For discharged Flooded Deep Cycle Battery, the following table gives you the recommended battery charging rates and the time associated with that:~

Reserve Capacity
(RC) Rating
Slow Charge

Fast Charge

80 Minutes or less [32-ampere hours or less] 15 Hours @ 3amps 5 Hours @ 10amps
80 to 125 Minutes [32 to 50 ampere hours] 21 Hours @ 4amps 7.5 Hours @ 10amps
125 to 170 Minutes [50 to 68 ampere hours] 22 Hours @ 5amps 10 Hours @ 10 amps
170 to 250 Minutes [68 to 100 ampere hours] 23 Hours @ 6amps 7.5 Hours @ 20amps
Above 250 Minutes [over 100 ampere hours] 24 Hours @ 10amps 6 Hours @ 40amps

The method is to slowly recharge the battery at 70° F (21.1° C) over a 10 to 20 hour period (C/10 to C/20) using an external constant voltage (or tapered current charger) because the acid has more time to penetrate the plates and there is less mechanical stress on the plates.

C-rate is a measurement unit which characterizes the charge or discharge of battery over a period of time. It is expressed as Capacity of the battery divided by the number of hours to recharge or discharge the battery. For example, assume that the ampere-hour capacity of the battery is 220, then it would take 11 hours to recharge or discharge the battery using a C/20 rate. A constant voltage or “automatic” charger applies regulated voltage at approximately 13.8 to 16 volts, based on the manufacturer recommendations and temperature.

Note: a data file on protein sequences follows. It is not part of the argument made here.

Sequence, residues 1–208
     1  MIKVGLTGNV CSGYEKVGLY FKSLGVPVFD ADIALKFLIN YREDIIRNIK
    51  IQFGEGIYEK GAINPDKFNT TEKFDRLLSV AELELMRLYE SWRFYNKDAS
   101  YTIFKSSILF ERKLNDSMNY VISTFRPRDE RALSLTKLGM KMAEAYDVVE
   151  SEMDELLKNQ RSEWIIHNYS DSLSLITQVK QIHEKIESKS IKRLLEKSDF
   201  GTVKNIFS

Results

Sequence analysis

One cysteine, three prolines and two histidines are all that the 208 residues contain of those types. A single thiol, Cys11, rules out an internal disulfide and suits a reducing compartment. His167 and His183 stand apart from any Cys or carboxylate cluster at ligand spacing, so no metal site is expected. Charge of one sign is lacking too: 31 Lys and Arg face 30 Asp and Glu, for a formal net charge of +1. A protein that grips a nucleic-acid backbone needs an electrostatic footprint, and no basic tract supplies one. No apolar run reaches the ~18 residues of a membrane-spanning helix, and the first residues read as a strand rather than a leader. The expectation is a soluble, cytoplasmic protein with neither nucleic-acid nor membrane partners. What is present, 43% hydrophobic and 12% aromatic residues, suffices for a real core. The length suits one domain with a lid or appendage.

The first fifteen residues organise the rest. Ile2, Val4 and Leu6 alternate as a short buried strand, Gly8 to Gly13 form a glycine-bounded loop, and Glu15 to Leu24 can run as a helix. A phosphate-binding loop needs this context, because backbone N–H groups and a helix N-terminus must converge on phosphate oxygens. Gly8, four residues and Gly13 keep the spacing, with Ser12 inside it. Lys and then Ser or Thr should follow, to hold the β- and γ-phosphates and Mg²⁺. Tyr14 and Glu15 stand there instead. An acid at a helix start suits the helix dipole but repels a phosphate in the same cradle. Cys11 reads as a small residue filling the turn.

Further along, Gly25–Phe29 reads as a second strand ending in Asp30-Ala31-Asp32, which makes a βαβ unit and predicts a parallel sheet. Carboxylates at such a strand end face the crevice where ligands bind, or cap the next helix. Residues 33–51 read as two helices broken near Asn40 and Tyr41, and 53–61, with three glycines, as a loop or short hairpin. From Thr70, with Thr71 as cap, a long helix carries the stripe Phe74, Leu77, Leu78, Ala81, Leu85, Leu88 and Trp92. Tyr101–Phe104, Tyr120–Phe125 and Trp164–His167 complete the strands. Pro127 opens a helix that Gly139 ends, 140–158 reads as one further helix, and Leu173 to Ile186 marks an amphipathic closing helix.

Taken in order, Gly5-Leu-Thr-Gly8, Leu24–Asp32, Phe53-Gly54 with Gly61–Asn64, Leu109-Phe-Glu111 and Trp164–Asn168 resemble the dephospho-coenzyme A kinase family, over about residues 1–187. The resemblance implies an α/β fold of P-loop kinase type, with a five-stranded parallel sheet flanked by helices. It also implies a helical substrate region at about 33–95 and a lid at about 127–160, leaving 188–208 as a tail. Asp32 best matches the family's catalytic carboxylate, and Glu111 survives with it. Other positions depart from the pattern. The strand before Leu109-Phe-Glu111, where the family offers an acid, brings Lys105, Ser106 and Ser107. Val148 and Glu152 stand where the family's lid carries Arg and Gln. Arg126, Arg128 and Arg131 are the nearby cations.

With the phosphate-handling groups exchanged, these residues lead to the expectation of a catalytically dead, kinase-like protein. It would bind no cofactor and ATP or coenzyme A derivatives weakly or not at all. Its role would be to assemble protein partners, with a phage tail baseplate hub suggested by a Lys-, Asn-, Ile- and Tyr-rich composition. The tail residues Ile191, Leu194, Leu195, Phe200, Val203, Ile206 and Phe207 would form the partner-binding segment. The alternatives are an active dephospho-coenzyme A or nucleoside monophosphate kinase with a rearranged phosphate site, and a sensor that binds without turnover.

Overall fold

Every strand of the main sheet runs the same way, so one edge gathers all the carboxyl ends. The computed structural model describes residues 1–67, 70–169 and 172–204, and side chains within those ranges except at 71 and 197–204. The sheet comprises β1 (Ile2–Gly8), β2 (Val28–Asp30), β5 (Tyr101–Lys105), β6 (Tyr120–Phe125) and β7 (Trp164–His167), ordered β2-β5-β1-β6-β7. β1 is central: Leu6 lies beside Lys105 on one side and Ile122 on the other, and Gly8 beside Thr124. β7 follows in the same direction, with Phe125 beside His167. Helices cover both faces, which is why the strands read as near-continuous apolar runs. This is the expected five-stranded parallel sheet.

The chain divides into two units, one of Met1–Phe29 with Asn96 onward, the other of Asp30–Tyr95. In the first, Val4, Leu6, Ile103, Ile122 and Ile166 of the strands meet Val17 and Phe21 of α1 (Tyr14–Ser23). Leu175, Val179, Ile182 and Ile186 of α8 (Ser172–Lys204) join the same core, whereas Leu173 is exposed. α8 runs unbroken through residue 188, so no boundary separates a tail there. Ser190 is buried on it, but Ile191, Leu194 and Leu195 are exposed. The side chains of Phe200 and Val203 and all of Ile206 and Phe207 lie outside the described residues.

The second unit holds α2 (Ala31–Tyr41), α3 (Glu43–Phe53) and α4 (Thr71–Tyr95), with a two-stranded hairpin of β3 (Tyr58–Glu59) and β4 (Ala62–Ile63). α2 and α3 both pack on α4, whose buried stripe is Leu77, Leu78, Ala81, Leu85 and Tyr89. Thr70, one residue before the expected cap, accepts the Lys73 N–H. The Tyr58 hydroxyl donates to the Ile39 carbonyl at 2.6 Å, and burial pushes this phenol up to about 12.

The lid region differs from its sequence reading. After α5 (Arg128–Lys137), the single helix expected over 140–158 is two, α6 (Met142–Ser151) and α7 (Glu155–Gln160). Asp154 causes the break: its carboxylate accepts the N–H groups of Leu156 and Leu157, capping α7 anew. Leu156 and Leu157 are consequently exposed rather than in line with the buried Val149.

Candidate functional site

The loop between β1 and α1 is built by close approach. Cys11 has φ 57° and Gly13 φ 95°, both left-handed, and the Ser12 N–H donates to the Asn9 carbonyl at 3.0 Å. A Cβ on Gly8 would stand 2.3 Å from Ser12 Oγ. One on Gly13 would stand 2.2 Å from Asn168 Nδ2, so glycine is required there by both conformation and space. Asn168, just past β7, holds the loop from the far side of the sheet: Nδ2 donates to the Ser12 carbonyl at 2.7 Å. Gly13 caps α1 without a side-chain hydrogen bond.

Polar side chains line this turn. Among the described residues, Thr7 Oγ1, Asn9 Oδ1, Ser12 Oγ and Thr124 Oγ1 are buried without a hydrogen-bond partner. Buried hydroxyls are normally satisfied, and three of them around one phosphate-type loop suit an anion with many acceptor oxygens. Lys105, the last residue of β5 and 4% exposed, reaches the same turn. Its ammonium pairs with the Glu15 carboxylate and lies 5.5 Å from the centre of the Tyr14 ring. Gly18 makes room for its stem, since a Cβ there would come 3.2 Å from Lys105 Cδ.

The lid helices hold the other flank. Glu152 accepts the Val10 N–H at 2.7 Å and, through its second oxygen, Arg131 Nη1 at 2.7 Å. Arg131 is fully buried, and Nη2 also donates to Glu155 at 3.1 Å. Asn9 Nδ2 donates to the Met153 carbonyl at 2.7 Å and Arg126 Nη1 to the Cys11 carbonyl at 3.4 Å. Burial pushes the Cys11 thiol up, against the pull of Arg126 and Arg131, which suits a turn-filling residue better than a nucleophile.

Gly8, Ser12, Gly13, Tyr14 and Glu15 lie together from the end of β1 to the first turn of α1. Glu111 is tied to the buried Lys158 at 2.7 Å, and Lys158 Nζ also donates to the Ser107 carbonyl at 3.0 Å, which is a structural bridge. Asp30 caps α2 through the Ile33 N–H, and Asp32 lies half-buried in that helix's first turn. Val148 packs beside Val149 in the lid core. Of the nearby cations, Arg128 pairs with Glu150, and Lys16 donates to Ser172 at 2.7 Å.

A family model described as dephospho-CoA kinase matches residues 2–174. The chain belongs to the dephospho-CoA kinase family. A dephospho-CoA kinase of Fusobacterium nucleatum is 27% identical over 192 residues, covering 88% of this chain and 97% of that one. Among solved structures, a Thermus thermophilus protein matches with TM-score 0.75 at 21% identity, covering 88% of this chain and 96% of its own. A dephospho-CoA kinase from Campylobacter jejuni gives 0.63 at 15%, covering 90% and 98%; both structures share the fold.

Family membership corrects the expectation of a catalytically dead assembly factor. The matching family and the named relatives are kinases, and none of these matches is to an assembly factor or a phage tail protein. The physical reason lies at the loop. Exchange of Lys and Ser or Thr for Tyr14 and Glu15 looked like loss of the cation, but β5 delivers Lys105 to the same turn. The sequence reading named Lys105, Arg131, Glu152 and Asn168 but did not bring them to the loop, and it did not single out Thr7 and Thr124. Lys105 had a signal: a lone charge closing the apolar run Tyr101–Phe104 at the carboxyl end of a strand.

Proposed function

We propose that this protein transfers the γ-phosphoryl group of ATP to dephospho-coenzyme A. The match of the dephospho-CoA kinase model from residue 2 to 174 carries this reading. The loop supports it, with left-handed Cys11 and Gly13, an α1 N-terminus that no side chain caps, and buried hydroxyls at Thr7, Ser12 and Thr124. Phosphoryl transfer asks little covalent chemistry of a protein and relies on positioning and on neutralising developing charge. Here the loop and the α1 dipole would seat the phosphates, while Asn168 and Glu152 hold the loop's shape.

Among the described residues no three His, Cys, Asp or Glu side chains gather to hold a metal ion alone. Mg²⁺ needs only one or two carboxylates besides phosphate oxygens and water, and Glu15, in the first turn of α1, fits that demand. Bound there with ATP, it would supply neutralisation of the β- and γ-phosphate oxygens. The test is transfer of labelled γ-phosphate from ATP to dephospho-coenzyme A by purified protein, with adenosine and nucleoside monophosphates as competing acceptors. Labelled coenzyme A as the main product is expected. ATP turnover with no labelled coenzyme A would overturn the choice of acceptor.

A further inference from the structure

More expensive three stage microprocessor controlled chargers type are available and they will automatically provide bulk, absorption, and float charging stages. A four-stage charger will provide an equalizing charging phase in addition to the bulk, absorption, and float charging phases.

An excellent automatic constant voltage battery charger is a 15-volt regulated power supply adjusted to the manufacturer's recommendations or, if not available, to voltage ranges shown below with the electrolyte at 70° F (21.1°  C.

During the charging process of a Deep Cycle battery, we encounter following voltages: Float Voltage; Charging Voltage; Equalizing Voltage.

Following table lists orientation voltage values for different type of Deep Cycle Batteries:

Battery Type Charging Voltage Float Voltage Equalizing Voltage
Wet Low Maintenance 14.4 13.2 15.1
Wet Maintenance Free 14.8 13.4 15.5
Sealed &VRLA 14.4 13.2 15.1
AGM 14.4 13.6 15.5
Gel Cell 14.1 13.2 N/A
Wet Deep Cycle 14.5 13.2 15.8

In the case of flooded battery type, we have to compensate for electrolyte temperature (the electrolyte temperature has a negative temperature compensation coefficient). In order to obtain this compensation we have to adjust the charging voltage with .0028 (2.8 millivolts) up to .0033 (3.3 millivolts) volts/per cell/ per degree F. For example, if the temperature is 30° F (-1.1° C), then we increase the charging voltage to 15.19 volts for a wet low maintenance battery. If 100° F (43.3° C), then we decrease the charging voltage to 13.81 volts.

If left unattended, cheap, unregulated trickle or manual battery chargers can overcharge your battery because they can decompose the water out of the electrolyte. Avoid using fast, high rate, or boost type of chargers on any battery that is sulfated or deeply discharged. The electrolyte should never bubble violently while recharging the service voltage because high currents only create heat and excess of explosive gasses.